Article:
Personal social services, or social welfare – and in particular the editorial back-and-forth in The Straits Times involving three PhD holders who are professionally trained in or intimately involved in social work (Dr. Sudha Nair, Dr. Ng Kok Hoe, and Dr. Mohamad Maliki Osman) – were front-and-centre of Singapore’s national discourse on inequality and its class divide problems earlier this year. Yet these persistent questions about the extent to which the government is responsible for the well-being of society, especially that of the poor and the disadvantaged, as well as how the government should disburse aid and assistance, are not new (even if the questions are gaining more attention in public consciousness). In fact, they are likely to have featured across changing socio-economic and political contexts in Singapore, across the past few decades.
Peh Shing Huei’s “Neither Civil Nor Servant: The Philip Yeo Story”
It is easy to hate Philip Yeo and to take issue with his self-assuredness and candour, which is why Peh Shing Huei’s “Neither Civil Nor Servant: The Philip Yeo Story” – despite acknowledging from the start that Yeo can be a divisive character – missed an opportunity to reach out to his naysayers or detractors (that is, those who deem him to be “arrogant”, “combative”, “defiant”, “egoistic”, “too direct”, and “too linear”), and to elicit personal views of his shortcomings or policy missteps. Without the first-hand perspectives of those who disagree with him, the exploration of policy counterfactuals, and his failures, and moreover by presenting him as gung-ho and seemingly infallible, the book appears more eager to preserve a chronological and thematic narrative in which Yeo can do no wrong. Even in the aftermath of controversies, individuals interviewed and quoted in the book would inevitably take his side.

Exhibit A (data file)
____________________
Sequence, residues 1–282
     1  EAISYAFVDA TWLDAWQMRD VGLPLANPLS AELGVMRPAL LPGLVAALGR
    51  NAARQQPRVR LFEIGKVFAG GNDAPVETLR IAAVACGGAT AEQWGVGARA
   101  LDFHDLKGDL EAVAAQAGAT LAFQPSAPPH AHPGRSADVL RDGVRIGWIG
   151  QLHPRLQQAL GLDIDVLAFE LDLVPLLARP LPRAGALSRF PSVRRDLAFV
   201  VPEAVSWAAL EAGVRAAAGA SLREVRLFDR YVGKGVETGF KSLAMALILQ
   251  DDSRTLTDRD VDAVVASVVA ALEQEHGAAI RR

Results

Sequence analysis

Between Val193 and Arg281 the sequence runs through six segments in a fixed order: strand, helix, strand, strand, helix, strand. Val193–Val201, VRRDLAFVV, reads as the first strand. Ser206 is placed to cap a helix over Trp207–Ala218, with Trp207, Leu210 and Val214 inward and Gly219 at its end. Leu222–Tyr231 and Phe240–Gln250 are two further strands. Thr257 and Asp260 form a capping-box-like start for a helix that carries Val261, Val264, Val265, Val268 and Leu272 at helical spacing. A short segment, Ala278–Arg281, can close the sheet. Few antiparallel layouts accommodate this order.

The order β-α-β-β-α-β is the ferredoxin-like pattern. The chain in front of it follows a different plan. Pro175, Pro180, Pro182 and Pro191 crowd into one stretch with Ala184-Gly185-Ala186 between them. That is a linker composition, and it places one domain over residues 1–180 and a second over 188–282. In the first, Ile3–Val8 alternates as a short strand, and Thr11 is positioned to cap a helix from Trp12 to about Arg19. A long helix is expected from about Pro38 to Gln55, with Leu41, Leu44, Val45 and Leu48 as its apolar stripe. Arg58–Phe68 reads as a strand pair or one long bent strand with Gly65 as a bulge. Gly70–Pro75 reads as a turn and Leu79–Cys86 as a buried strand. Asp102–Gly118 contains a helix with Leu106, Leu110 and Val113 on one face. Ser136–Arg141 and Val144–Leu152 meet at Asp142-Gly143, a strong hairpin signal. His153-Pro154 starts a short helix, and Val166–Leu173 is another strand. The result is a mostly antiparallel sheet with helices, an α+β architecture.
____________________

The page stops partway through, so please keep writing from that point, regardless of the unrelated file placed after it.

Constance Singam and Margaret Thomas’s “The Art of Advocacy in Singapore”
A collection of short essays by Singaporean activists, the quality of Constance Singam and Margaret Thomas’s “The Art of Advocacy in Singapore” therefore varies and further depends on the individual activists and the organisations they represent. The best essays, especially those grouped thematically under animal welfare and heritage / environment, pointed to observable actions and corresponding markets of success, whereas the less impressive ones were too preachy or polemical. While these essays were eager to identify structural problems or to criticise the ruling government, they were less able to articulate perspectives – in a book ostensibly about “the art of advocacy” – about moving from rhetoric to sustainable, effective action.
Kenneth Paul Tan’s “Governing Global-City Singapore: Legacies and Futures after Lee Kuan Yew”
To read Prof. Kenneth Paul Tan’s “Governing Global-City Singapore: Legacies and Futures after Lee Kuan Yew” against the background of the ongoing discourse on inequality and the class divide (and over personal social services) as well as on Emeritus Senior Minister Goh Chok Tong’s recent comments on ministerial salaries is to recognise that Singapore’s ideologies, largely shaped by a dominant party system – not just its policies – should be the starting point of these discussions. Because policies are guided by assumptions, which are in turn derived from ideologies, and which in the context of Singapore also recursively determines whether an issue is up for discussion.